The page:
Protecting Green Lake One Property at a Time

The GLSD has a wonderful cost share program for not only shoreline restoration, but also rain gardens. A newer conservation practice, rain gardens are becoming popular around Green Lake as many landowners look to limit stormwater runoff on their properties. The GLSD is excited to have been involved with two projects in the Green Lake Terrace area last fall. While these two projects will not solve the runoff issues in the Terrace on their own, we know that as more landowners complete projects like this, we will see less runoff reaching Green Lake carrying things like pet waste and lawn chemicals. We hope to have additional photos and project information in our fall newsletter.

You may note that much of the watershed protection information we’re highlighting in this newsletter is agriculture based. However, it is critical that we consider the impacts our own property management can have on the lake. One of the biggest impacts we are seeing right now on our shoreline properties is construction. Whether it is new home/addition construction or the addition of a boathouse, these projects can have a cumulative impact on the water quality of the lake.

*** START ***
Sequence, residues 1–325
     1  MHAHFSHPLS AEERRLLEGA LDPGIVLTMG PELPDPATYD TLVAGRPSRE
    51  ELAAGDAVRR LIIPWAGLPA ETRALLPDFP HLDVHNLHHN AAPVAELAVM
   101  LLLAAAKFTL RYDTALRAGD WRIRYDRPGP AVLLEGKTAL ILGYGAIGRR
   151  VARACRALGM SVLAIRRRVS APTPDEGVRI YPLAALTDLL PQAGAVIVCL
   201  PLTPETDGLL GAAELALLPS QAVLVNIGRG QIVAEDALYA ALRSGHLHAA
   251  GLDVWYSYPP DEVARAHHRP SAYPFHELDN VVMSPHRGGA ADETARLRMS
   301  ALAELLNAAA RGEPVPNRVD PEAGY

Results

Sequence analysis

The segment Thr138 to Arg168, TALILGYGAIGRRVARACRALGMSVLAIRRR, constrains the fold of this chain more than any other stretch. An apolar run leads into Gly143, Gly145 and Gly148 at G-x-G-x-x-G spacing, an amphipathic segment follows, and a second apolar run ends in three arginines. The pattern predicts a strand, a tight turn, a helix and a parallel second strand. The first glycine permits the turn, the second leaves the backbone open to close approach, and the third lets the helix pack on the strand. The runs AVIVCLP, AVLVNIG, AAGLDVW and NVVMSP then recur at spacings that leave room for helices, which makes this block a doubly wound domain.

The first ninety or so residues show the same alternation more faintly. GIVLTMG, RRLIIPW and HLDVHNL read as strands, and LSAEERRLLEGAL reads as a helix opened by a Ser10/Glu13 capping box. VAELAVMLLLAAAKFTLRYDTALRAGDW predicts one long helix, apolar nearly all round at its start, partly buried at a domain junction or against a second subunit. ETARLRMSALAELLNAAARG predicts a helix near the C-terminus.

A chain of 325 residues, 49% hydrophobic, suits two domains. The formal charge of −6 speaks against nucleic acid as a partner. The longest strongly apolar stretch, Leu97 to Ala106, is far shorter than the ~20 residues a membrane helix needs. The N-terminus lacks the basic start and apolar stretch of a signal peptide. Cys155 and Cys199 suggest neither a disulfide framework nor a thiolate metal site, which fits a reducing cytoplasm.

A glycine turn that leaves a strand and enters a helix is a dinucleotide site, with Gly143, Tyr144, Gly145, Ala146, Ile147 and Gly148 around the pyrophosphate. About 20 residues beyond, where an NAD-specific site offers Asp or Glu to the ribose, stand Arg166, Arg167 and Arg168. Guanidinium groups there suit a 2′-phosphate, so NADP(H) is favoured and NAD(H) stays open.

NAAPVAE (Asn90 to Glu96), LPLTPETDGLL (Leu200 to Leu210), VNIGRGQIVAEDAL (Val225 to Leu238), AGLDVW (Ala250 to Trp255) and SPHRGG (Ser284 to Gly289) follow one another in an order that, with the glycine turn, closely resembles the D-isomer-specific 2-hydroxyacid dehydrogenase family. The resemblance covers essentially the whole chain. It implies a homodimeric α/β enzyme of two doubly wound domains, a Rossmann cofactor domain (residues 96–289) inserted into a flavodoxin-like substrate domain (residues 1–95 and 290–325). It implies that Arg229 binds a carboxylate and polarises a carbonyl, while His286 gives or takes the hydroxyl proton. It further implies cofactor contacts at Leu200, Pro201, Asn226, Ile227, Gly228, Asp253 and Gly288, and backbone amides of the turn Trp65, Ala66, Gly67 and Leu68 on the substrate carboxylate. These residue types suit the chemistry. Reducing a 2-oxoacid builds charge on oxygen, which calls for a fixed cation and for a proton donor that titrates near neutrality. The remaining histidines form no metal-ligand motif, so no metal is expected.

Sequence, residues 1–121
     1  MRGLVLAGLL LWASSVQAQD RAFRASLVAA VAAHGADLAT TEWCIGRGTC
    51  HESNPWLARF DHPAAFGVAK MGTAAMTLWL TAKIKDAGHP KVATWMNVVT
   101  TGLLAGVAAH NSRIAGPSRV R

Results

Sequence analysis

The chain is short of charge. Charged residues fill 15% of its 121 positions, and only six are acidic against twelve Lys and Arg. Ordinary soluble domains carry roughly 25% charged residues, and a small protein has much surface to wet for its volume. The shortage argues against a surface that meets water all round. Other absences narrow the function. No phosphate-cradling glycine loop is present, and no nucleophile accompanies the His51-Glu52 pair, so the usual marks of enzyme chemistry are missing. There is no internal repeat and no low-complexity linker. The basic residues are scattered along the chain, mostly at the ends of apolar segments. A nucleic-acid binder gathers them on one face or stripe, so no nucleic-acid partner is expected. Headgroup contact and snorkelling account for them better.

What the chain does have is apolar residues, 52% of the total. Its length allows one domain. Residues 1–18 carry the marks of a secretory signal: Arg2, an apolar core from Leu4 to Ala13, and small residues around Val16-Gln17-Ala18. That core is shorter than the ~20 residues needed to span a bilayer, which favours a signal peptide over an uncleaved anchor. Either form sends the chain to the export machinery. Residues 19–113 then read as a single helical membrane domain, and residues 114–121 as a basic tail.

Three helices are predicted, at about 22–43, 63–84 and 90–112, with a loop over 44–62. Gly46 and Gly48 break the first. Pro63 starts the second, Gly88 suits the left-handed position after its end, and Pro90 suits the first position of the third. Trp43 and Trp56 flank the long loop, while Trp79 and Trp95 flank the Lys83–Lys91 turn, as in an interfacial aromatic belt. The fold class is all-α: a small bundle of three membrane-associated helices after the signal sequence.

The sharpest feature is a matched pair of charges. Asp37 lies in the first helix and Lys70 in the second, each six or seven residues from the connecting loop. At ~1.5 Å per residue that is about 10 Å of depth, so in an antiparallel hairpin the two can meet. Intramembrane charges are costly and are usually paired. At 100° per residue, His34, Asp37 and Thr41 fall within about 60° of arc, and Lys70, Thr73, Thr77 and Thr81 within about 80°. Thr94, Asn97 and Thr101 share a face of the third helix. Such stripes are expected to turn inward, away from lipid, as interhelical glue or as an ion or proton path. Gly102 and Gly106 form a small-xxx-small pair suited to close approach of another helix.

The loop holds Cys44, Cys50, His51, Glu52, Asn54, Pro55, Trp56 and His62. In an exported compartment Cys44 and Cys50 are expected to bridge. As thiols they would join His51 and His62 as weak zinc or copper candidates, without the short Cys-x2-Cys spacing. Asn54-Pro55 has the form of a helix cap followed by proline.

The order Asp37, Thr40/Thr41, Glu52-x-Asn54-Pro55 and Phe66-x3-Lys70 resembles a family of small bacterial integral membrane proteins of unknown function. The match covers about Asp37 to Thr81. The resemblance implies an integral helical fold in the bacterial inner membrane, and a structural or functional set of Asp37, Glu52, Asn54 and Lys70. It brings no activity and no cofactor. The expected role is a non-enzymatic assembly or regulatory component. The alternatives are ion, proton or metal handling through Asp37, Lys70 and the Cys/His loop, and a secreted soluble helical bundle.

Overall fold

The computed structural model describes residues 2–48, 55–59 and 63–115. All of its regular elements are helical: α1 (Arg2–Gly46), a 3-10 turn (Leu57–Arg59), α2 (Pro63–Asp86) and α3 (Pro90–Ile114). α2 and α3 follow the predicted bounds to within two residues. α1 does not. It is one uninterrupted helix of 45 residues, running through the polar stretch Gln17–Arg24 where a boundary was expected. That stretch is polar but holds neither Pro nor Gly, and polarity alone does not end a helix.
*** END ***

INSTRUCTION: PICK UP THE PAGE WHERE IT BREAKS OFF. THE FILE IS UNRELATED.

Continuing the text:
As part of construction, bare and stockpiled soil is placed in close proximity to the water we are working hard to keep clean and healthy. Many of us assume the necessary steps are being taken by our contractors to protect the lake, but ultimately, this responsibility belongs to the landowner. Please don’t hesitate to question your contractor to see if they are utilizing all possible steps to help protect the lake we all care so deeply for. The photos shown are of poor construction site erosion efforts at one location near Green Lake in 2020. The silt fence was not adequately installed and no additional straw bales, cover crop seeding, etc. measures were utilized to protect the lake. The result was the sediment plume you see in the channel. The city and DNR were immediately notified of the issue. We can and must do better.